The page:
35.002 Aproaerema cinctella (Clerck, 1759)

Status and Distribution

NB - Syncopacma has now been synonymised with Aproaerema.

Very local in England, Wales and Ireland; found once in Scotland (VC76 26/6/2020); not recorded from the Channel Islands. The main concentration of confirmed records come from central and southern England, north-east England and western Ireland.

Pierce and Metcalfe (1935) showed that Syncopacma ligulella (since 1957 named S. larseniella) and S. vorticella (now called S. cinctella) were valid species. However, prior to 1935, records of adult ligulella could possibly apply to either larseniella or cinctella. The name changes and lack of external identification features to separate these two species has led to frequent misidentifications, a problem still present, to some extent, even today.

National Status: 

Nationally Scarce A

Bradley & Fletcher no: 

Photographer: ©Tom Tams
Location: Northumberland

Provisional Map

Maps updated with all data received by January 2022.


Dissection Group

Foodplant and Larval Feeding Signs

Lotus corniculatus (common bird's-foot-trefoil), see plant distribution map, and possibly Genista species.

In Europe it is also reported to utilise Genista germanica, Genista tinctoria (dyer's greenweed), Lembotropis nigricans, Medicago ssp. (medicks) and Vicia cracca (tufted vetch).

The reports of feeding between joined/united leaves are based upon larvae found in Europe which were written prior to the separation of A. cinctella from A. larseniella.

Foodplant Map


Aproaerema cinctella habitat, Cumbria 2018 (Photo: S M Palmer)

Occurs on rough, dry ground often with calcareous soils. Specific locations include downland, limestone pavement, a golf course, and a former fly-ash tip covered with soil imported from a limestone area.

Finding the Moth

Larva: not recorded in Britain but believed to spin the leaves together.

Adult: has been swept from suitable habitat and occasionally comes to light.

Similar Species

There are six Aproaerema species that have a dark forewing and, to some extent or other, a whitish fascia; some are scarce and have a restricted distribution. The size of the moth together with the habitat and available larval foodplants will help to narrow down the options to some extent. Breeding to establish the association with a particular foodplant is strongly recommended and could possibly add additional information on the range of foodplants utilised by some of this genus. There is some overlap in foodplant usage and, if in doubt, bred specimens should also be dissected.

It has been suggested that the presence or absence of a curve to the whitish crossband can assist in identification of these species. This is not the case as, although A. larseniella normally has a straight line, both A. taeniolella and A. cinctella can have a straight or slightly inwardly curved fascia. This feature is therefore unsuitable on its own as an identification feature. It should also be noted that A. cinctella (in particular) and A. larseniella and A. taeniolella (to a much lesser extent) can lack the whitish fascia on the upperside of the forewing.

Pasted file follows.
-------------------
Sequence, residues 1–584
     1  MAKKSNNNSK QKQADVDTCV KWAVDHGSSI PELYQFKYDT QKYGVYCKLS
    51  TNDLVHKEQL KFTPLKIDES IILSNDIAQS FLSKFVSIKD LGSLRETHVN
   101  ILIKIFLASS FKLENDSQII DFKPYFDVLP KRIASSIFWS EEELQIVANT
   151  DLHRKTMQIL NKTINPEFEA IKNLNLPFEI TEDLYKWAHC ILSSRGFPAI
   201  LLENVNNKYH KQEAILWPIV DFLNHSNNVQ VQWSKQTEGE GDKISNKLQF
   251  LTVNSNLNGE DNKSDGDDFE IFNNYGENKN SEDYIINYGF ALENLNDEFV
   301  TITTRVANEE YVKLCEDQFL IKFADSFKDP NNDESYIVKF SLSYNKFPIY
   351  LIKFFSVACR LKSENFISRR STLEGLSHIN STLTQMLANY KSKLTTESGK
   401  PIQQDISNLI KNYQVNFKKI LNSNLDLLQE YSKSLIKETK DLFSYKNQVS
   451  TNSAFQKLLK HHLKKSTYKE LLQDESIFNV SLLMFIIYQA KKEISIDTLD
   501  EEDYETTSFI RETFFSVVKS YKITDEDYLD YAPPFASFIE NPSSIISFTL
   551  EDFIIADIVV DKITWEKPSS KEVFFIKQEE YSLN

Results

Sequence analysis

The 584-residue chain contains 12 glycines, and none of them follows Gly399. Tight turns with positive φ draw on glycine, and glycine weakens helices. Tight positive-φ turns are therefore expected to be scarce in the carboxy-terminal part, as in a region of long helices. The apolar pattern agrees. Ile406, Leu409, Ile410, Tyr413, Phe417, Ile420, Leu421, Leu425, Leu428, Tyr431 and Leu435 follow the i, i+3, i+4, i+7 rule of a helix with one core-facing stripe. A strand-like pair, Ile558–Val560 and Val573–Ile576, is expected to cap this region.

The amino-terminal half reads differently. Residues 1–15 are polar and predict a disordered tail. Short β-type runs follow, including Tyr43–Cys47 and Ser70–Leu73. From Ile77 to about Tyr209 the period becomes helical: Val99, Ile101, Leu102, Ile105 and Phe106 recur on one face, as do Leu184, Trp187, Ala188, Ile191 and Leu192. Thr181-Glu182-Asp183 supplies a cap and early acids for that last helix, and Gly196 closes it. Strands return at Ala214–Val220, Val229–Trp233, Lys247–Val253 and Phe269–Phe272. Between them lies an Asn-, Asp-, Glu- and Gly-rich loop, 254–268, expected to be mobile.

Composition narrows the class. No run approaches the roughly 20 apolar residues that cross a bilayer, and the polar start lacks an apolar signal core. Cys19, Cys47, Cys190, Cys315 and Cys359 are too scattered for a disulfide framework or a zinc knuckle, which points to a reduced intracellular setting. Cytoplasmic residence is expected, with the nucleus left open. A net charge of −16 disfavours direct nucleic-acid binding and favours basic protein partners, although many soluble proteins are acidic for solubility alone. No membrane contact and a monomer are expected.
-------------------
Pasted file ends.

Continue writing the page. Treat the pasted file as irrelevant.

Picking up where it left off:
A. taeniolella, which also feeds on common bird's-foot-trefoil, usually has a narrow whitish fascia on the forewing underside, with a whitish spot on the underside of the hindwing. These features are not present in A. cinctella or other members of this genus. As A. larseniella has also been known to utilise common bird's-foot-trefoil on rare occasions, any Aproaerema bred from this foodplant without the white underside marking will require dissection to be identified with certainty. See photographs of A. taeniolella and A. larseniella usual forewing and hindwing undersides in 'Images' of the respective species.

A. cinctella may utilise some Genista sp. so the dissection of moths bred from this foodplant is also recommended.

A. cinctella and A. larseniella are the two most likely to cause confusion as they can be very similar externally. A lack of critical examination of specimens in the past and to some extent more recently has made it difficult to accurately assess the true distribution of these two species. Although A. cinctella is believed to be more local and may well sometimes be associated with a different habitat, it is advised that habitat differences should not be used in isolation when making an identification until familiarity with the species present at a site has been ascertained by dissection and/or breeding. There is at least one southern English vice county where A. cinctella, A. larseniella and A. taeniolella are found regularly and commonly within a km or so of each other, including the forms of A. taeniolella with a broken or obsolescent white fascia on the upperside and underside of the forewing.  

Structurally, A. cinctella has a relatively narrow forewing which appears broader towards the end, whereas A. larseniella does not appear to be broader at the end. The pale fascia on the forewing (sometimes absent in A. cinctella) is sometimes slightly inwardly curved in A. cinctella but can be straight as in A. larseniella - this is difficult to judge in a live moth and all of these features are best looked for in set specimens.


Larval Occurrence

Larval Occurrence

Flight Period

Flight Period

Single brooded, from late May to July.